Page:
Perhaps there are many unanswered questions when it comes to the uncertain future we are moving towards. When we look at the environment, it promises a much harsher life with all the diminishing resources we are using like oil, wood, and food. When we look at the income inequality indices they are showing gaps never seen before. We are no longer sure of what to do and where to invest. However, we can’t stop, we shouldn’t stop, and we should always use hope to find ways towards a brighter future. But where will that be?
I’ve done a fair bit of travelling to many parts of this wonderful earth. I’ve noticed that farmers may be the most rational amongst us. They think of the finished product, its price, and delivery methods. Then they work their way backwards from seasonal harvesting all through how to line up the crops to maximize the limited space and soil. If it’s a large tree, more space is required, and the smaller the plant, the closer the crops get to each other. Everything is carefully organized, planned, and executed.
When it comes to laying down a rational plan for a nation, things get a bit more complicated, relatively not as easy as farming. There are much budgetary issues to account for in each and every developmental plan. Any small policy change, whether good or bad, can lead to massive financial constraints. If the price of a certain subsidized medication for example rises, a nation needs to pump millions extra just to allow the consumer to pay what they have been paying.
Whether it is in the health sector or real estate, most of the world today is dealing with their daily task like there’s no tomorrow, literally. They are continuously borrowing to keep their debt increasing day after day, as if there won’t be a time they would have to pay off all the loans. It’s a problem that the young fear because it will be their world to lead tomorrow.
We can afford, and perhaps allow, the ongoing generation to mess up our economy and environment, but a more serious concern exist when it comes to education. This is where we shouldn’t let go, and we should demand a clear and concise rational plan, one that is different from all the other bureaucratic governmental bodies, where there’s no vision or a mission.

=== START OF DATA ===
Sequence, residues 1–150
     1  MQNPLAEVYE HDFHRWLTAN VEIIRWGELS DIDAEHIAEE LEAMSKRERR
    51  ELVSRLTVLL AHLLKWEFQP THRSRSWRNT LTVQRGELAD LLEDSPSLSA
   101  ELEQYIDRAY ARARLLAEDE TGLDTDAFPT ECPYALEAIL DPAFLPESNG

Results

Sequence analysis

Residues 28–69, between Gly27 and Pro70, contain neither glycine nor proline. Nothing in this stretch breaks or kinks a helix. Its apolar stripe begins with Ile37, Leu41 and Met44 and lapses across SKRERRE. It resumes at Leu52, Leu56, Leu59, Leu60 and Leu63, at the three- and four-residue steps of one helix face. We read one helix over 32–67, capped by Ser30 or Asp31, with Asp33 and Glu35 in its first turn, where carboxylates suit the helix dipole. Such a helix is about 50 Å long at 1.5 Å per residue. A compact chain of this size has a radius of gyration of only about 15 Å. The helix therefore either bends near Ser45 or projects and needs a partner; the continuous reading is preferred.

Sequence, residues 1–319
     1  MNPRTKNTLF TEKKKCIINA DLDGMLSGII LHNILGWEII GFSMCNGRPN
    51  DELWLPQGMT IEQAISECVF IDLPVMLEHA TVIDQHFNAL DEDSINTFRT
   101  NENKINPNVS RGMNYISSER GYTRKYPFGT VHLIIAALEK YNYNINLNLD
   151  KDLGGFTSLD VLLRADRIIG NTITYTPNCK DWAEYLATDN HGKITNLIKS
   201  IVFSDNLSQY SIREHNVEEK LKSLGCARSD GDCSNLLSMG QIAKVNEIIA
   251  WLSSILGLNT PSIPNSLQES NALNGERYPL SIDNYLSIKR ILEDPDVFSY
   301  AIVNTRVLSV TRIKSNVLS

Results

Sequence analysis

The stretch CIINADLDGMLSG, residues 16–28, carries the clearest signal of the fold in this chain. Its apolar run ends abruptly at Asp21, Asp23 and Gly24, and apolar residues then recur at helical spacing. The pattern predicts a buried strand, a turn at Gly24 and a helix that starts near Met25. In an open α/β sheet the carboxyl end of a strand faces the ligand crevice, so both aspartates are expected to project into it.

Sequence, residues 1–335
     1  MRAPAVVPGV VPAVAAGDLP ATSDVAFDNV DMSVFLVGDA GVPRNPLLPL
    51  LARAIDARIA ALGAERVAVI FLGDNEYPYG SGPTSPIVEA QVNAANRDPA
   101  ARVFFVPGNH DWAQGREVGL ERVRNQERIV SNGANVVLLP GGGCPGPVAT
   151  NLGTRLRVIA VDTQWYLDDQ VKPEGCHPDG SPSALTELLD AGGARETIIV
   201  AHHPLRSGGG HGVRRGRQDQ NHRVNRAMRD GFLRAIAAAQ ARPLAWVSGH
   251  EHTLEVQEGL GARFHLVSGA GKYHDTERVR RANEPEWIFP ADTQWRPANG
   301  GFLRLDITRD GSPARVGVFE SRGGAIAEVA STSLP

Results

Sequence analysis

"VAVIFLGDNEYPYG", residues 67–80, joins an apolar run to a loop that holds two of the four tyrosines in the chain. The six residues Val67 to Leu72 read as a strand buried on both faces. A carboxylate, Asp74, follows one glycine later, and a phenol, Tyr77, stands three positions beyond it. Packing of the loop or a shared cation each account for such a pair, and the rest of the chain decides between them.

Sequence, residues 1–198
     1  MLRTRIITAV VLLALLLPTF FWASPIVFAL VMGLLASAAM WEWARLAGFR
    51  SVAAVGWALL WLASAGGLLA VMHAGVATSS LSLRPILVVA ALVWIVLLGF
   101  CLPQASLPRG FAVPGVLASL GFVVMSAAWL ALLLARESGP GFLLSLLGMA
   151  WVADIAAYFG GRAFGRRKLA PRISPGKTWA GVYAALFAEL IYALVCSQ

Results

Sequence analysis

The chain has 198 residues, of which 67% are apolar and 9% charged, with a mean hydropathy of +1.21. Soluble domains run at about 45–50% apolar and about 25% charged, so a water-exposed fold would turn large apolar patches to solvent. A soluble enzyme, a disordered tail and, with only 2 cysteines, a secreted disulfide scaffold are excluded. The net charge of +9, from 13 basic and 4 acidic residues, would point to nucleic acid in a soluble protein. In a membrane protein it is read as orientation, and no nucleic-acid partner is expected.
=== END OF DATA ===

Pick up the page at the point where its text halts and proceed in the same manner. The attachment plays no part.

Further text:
If we go back to the farmer analogy, we can learn much from the constraining factors that face the farmer. The farmer has one of the most important jobs in today’s world, which is making sure that the world population is fed. Yet his pay is not as competitive as most high skilled jobs, like a technician or a doctor. Thus, he tends to operate as efficient as possible because any gain or loss would cause a direct effect on his purchasing power.
What is even more important for us to realize is that a farmer always works towards a goal, which is to have the best products and the most efficient method of production. This will enable him to sell more, make more, and grow more. With this system, everyone benefits, including consumers, us all.
When it comes to education, we should ask ourselves if we are planning well to produce the best products (generation). Are we efficient in our investments, do we continuously review our production (delivery) method, and do we have clear goals of where we want to reach?
Today, I feel like we are teaching our kids for the sake of teaching, with no clear unilateral goal on what kind of generation we would like to see in the future. We don’t need to look into the curriculum or the methods in which our youth are adhering to; we can simply look into the current management to see how little of them lead by example.
The ongoing generation here in Bahrain, and to an extent similar elsewhere, lack the proper ambition to take us all to the next level. They grew up in a highly dependable and unchallenged era. If I see growing debt and goalless education, then I loose hope in whoever is responsible in overlooking these institutions.
Recently, I’ve had the honor and privilege to compete in Florida Ironman alongside His Highness Shaikh Nasser and His Highness Shaikh Khalid bin Hamad Al Khalifa. They’re both in my generation and for sure future leaders of this great island-nation. When asked by foreign journalists what is the reason for their participation in the toughest race on earth, Shaikh Nasser answered: “Because we should lead by example.” Any actionable listeners out there?